How the Pandemic Widened America’s Health Care Gap — and How We Can Close It

doctor and patient with masks speaking in doctors office
An Asian female doctor meets with her patient at her medical office. They are both wearing a face mask to prevent the transfer of germs during the coronavirus pandemic.
Dr Fayanju discusses strategies for health care providers and federal lawmakers to help close equity gaps in American health care.

COVID-19 has claimed the lives of over a million Americans — and even that number likely underestimates the pandemic’s true toll. As a primary care physician in Ohio who also served on the White House Office of Public Engagement’s Health Equity Leaders Roundtable Series, I’ve seen firsthand the hardships of the COVID-19 pandemic. And what I’ve seen is troubling. Despite strides by both the Biden administration and Congress to improve vaccine distribution and education, deeply ingrained health care disparities continue to limit the effectiveness of national efforts.

For instance, racial and ethnic minority groups are at a higher risk of getting sick and dying from COVID-19. The US is also seeing a higher burden of uncontrolled diseases among these communities: hypertension has gotten worse and uncontrolled blood pressure is more common.

Inequitable barriers to health care — including access to local providers — have long been a problem for millions of Americans as well as those who care for them. The pandemic has made life even more challenging for communities our health care system already overlooked.

Steps need to be taken to ensure COVID-19 does not permanently hardwire inequities into our health care system, further widening America’s health care gaps in the years to come.

In-Person Interactions Remain Crucial

We must continue the work of improving core interactions within our health care system. At the top of my list is connecting with patients in person and not just through a screen.

The types of patients I see at the clinics I serve throughout Ohio, and that my colleagues see throughout the country, are often battling multiple chronic conditions such as diabetes, hypertension, and chronic obstructive pulmonary disease (COPD) sometimes along with underlying issues involving mental health or housing insecurity.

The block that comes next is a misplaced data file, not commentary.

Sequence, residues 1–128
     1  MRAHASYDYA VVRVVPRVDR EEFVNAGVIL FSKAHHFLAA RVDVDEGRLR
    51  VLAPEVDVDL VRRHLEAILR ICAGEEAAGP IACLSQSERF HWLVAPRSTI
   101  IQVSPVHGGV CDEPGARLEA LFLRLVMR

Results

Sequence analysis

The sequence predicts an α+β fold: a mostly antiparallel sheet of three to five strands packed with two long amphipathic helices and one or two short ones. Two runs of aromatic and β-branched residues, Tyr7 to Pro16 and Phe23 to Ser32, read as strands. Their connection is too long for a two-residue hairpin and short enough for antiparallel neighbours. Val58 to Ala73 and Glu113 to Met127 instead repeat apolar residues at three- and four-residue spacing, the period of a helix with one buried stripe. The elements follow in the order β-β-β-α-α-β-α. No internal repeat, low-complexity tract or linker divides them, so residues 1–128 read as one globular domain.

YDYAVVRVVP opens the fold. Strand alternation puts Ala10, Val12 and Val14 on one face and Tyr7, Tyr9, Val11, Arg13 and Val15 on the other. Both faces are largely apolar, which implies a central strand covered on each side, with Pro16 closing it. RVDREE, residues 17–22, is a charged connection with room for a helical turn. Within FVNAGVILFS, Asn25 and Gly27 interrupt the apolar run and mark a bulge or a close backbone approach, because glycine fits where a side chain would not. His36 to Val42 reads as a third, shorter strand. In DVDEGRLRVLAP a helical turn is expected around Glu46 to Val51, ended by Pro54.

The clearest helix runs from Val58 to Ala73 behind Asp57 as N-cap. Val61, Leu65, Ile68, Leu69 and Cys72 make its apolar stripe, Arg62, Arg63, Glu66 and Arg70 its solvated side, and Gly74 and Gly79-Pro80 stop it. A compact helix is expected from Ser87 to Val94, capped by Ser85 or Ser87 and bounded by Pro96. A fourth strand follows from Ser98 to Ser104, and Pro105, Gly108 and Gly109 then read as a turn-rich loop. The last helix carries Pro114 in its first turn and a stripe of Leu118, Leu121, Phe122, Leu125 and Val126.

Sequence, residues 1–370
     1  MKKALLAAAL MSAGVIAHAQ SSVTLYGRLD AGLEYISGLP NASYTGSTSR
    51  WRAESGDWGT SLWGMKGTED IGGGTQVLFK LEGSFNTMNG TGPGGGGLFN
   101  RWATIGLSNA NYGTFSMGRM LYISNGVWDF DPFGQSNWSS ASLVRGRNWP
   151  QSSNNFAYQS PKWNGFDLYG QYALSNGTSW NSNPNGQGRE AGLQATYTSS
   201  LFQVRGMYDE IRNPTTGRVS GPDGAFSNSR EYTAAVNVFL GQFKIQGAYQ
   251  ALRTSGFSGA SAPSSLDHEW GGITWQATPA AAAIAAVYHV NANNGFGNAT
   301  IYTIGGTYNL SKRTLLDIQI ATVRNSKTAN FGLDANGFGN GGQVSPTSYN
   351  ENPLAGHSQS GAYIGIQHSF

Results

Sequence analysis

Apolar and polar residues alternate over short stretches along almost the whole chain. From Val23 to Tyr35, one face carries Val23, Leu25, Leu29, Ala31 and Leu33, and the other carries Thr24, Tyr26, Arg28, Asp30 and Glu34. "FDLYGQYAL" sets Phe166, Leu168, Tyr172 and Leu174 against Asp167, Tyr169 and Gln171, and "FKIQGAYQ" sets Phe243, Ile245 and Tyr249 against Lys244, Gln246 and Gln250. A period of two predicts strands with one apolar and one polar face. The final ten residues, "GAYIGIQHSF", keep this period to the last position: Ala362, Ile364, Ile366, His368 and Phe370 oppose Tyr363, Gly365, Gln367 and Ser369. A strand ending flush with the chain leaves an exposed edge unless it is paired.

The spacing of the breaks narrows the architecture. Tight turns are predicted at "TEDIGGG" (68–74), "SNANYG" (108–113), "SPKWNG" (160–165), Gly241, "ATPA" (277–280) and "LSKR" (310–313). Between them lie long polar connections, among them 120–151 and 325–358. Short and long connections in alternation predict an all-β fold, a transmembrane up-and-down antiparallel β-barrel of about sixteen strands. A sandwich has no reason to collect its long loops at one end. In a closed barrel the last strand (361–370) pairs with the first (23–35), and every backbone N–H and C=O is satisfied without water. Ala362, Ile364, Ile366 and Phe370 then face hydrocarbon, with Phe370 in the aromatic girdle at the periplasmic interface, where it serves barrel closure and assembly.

While telehealth has proven useful for many of these patients, in-person patient-provider relationships can allow us to more reliably assess physical and mental wellness. In-person appointments can encourage more meaningful connections over time, which in turn can lead to more consistent visits long term and improvements in patients’ mental health.

There is – and will continue to be – an important role for telehealth in providing quality care for chronically ill, resource-limited patients. But if patients are unable to make follow-up telehealth appointments because of technology hurdles or cannot be fully present during these virtual visits, I’ve seen outcomes worsen. I remember a day I had 5 appointments on my schedule and none of my patients managed video calls because they lacked the required technology.

While I was grateful to have an opportunity to connect with these individuals at all, health care services can be more effective when clinicians can see patients in person.

Health Care Providers Can Change Operations and the Tides

Health care providers and federal lawmakers can be a positive force for change and help close equity gaps in American health care. The first and most immediate step is shifting away from traditional “fee-for-service” health care systems — which compensate providers for the quantity of services rendered — to a framework that instead rewards providers for the quality of care delivered and the complexity of patients cared for.

Rather than a piecemeal approach to patient health, this type of structure (known in the industry as value-based care) enables doctors and other providers to integrate their services. All in one place, providers can offer patients the primary care patients are already used to, as well as mental health support and other services designed to combat social determinants of health such as food and housing insecurity.

This comprehensive approach is critical in communities where most health care providers lack the opportunity to establish detailed care footprints. For example, consider a patient who not only presents with urgent health concerns such as diabetes, asthma, or COPD, but also faces behavioral health challenges such as long-standing nicotine dependence or a socioeconomic challenge like housing insecurity.

Without ample and easily accessible care, this patient may struggle to refill and take medications or may miss important appointments because doctors are difficult to reach, even when needs are handled virtually. These roadblocks increase the likelihood of the patient needing more drastic and costly interventions in the future and decrease the likelihood of staying out of the hospital.

Value-based care untethers providers from antiquated reimbursement methods that limit the resources spent on preventative care. The health care model permits providers to leverage integrated resources, including thoughtfully deployed telehealth options, and to intervene in communities where patients may require more complex care. It also offers care teams greater flexibility to adjust their approach based on each patient’s needs and changing conditions, without the burden of a standardized visit to meet billing criteria.

This approach pulls more health care levers at once, supports patients and clinicians, and provides Americans with a better vision of health care systems capable of reducing historic inequities in our country.

Olaoluwa Fayanju, MD, MSc, is regional medical director at Oak Street Health in Cleveland, Ohio.

This article originally appeared on Clinical Advisor